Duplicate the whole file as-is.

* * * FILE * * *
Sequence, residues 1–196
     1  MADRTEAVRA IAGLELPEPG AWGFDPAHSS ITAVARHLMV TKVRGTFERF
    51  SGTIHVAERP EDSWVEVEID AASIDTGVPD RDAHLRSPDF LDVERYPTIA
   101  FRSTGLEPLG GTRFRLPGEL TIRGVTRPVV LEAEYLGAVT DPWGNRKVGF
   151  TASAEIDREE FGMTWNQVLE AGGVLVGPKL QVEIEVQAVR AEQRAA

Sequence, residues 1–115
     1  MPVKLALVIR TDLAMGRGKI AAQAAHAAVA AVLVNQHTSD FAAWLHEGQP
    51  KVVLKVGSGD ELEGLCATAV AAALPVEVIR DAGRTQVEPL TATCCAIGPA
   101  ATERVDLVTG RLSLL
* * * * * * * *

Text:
Sequence, residues 1–196
     1  MADRTEAVRA IAGLELPEPG AWGFDPAHSS ITAVARHLMV TKVRGTFERF
    51  SGTIHVAERP EDSWVEVEID AASIDTGVPD RDAHLRSPDF LDVERYPTIA
   101  FRSTGLEPLG GTRFRLPGEL TIRGVTRPVV LEAEYLGAVT DPWGNRKVGF
   151  TASAEIDREE FGMTWNQVLE AGGVLVGPKL QVEIEVQAVR AEQRAA

Sequence, residues 1–115
     1  MPVKLALVIR TDLAMGRGKI AAQAAHAAVA AVLVNQHTSD FAAWLHEGQP
    51  KVVLKVGSGD ELEGLCATAV AAALPVEVIR DAGRTQVEPL TATCCAIGPA
   101  ATERVDLVTG RLSLL